Mar 6th 2017, 08:49 AM   #7
 VeritasImageryNW's Avatar
 
  Jan 2016
  Allyn, WA

  '06 HD Street Bob, '85 Yamaha FJ600, '99 Honda CBR600f4
This is what I think of when some one mentions "torpedoed":

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Mar 6th 2017, 09:38 AM   #8
 el jefe's Avatar
 
  Jan 2016
  BFE PNW

  V-twins
Last year was outstanding, 4 different manufactures taking wins plus 9 different riders was awesome. Marquez won the championship because he learned to be consistent, rather than win it or bin it. Not mentioned, but relevant is the tire change and standardized ECU hardware. this year should be really good, FWIW, I subscribe to the videopass from MotoGP, it's worth it despite Nick Harris.
Mar 6th 2017, 02:17 PM   #9
 600bandit's Avatar
 
  Jan 2016
  somewhere

Quote:
Originally Posted by VeritasImageryNW
This is what I think of when some one mentions "torpedoed":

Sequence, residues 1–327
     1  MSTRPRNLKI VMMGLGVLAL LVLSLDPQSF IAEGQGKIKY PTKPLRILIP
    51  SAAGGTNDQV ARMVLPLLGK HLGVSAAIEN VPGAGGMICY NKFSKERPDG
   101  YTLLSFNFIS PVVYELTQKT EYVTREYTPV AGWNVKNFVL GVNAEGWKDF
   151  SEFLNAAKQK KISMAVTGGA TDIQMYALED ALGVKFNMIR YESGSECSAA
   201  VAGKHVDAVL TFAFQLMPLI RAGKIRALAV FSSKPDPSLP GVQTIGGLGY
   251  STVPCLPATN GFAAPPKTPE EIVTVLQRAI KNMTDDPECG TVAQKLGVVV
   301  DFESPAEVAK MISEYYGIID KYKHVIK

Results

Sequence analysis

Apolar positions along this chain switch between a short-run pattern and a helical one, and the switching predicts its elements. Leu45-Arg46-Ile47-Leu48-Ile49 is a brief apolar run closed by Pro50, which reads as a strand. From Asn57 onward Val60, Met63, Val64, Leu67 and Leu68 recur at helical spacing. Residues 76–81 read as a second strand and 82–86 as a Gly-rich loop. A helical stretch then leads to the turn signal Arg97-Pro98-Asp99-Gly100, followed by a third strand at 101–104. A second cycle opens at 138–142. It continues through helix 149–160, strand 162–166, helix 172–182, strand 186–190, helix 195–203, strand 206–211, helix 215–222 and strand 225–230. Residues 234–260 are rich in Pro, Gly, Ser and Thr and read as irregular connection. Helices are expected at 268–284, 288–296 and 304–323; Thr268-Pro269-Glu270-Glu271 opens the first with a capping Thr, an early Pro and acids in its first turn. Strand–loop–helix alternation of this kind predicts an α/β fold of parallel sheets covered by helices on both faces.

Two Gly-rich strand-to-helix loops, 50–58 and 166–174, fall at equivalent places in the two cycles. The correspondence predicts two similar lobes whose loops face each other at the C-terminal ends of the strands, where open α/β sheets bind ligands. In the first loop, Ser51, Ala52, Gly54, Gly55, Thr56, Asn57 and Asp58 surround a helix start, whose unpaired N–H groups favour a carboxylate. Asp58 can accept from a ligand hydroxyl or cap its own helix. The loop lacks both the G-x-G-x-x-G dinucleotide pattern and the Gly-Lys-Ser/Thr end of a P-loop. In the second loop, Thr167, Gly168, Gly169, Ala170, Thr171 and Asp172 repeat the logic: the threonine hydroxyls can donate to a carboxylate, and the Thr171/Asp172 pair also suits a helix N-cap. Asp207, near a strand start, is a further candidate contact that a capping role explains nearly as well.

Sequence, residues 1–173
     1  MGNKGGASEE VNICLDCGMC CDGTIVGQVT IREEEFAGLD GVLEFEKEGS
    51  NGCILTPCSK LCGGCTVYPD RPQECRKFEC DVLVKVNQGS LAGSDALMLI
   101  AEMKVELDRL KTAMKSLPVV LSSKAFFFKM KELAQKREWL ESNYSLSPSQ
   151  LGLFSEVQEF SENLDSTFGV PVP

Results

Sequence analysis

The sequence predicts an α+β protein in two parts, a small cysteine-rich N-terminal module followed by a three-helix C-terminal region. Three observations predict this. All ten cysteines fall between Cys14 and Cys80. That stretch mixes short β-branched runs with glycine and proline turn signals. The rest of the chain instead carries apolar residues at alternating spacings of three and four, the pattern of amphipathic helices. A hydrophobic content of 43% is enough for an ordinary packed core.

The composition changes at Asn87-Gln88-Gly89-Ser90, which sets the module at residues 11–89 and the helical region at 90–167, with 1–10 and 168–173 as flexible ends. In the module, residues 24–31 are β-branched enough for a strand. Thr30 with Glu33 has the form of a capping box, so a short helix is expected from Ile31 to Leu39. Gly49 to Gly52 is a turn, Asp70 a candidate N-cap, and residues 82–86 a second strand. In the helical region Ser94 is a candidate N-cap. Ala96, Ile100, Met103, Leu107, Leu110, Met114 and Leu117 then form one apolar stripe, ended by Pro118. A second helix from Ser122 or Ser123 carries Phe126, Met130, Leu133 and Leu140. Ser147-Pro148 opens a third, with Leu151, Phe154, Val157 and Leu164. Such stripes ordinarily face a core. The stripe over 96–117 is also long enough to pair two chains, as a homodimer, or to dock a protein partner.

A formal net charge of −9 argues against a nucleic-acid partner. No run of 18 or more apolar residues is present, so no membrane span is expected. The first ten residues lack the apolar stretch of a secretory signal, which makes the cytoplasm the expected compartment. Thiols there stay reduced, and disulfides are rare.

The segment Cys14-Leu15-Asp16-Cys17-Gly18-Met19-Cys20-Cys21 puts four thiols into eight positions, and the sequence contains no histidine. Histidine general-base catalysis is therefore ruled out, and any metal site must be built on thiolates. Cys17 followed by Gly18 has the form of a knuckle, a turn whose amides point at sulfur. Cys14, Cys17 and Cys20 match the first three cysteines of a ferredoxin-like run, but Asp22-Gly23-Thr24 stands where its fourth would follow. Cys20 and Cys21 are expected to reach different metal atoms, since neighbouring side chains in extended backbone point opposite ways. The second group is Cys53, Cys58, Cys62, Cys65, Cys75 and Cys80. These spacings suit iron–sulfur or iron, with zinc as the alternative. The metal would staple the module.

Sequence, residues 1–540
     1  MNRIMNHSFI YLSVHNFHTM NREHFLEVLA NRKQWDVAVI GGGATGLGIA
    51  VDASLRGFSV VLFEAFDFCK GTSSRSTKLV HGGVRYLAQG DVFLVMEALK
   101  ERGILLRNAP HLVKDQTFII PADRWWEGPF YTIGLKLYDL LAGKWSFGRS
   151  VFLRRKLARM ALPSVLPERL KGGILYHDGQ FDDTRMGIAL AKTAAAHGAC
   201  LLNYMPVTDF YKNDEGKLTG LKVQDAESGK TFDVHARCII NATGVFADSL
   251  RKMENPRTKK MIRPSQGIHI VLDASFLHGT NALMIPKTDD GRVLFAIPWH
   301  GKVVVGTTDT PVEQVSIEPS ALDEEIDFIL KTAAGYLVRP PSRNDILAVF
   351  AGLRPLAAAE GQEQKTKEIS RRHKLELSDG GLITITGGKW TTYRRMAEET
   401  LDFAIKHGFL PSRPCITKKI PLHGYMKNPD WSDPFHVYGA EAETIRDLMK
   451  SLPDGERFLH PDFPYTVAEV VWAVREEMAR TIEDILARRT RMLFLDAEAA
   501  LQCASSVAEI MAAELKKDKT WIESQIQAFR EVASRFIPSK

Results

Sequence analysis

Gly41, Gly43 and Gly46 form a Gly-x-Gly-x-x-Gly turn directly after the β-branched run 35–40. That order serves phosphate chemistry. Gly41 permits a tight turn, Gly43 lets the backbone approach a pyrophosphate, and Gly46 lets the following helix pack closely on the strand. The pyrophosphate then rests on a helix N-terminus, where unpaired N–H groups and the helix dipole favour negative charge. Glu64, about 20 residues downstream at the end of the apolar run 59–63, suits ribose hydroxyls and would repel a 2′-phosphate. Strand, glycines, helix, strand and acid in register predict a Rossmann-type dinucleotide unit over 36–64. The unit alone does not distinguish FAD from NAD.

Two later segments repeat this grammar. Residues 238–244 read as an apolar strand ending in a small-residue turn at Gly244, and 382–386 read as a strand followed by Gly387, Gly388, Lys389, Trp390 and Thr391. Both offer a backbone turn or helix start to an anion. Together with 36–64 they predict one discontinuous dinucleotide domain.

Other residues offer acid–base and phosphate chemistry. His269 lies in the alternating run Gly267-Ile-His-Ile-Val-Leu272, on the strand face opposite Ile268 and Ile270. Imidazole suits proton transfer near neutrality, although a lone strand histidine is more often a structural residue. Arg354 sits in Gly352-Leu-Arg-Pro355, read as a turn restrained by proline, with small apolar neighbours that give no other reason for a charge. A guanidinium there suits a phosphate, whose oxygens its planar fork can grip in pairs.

Mar 6th 2017, 04:06 PM   #10
 Greg's Avatar
 
  Apr 2016
  PDX

  2014 675R, 2015 Versys LT
I'm not an "avid" MotoGP fan but loved Hitting The Apex doc, i think it's on Amazon Prime. Might be Netflix as well

Sent via SM-G930P
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Mar 6th 2017, 06:08 PM   #11
 Theorist1's Avatar
 
  Mar 2016
  the road

  a..........
there was a guy that won. then another guy won. now you're all caught up.
Mar 7th 2017, 06:32 PM   #12
 Seattlesucks's Avatar
 
  Feb 2017
  Your mom's house

Man Nicky looked pissed.

Are there no American factory riders left? Guess I'll root for the Scottish guy on the KTM. Scottish guy on a German bike is basically an American, right?
Mar 8th 2017, 04:15 AM   #13
 craiger's Avatar
 
  Apr 2016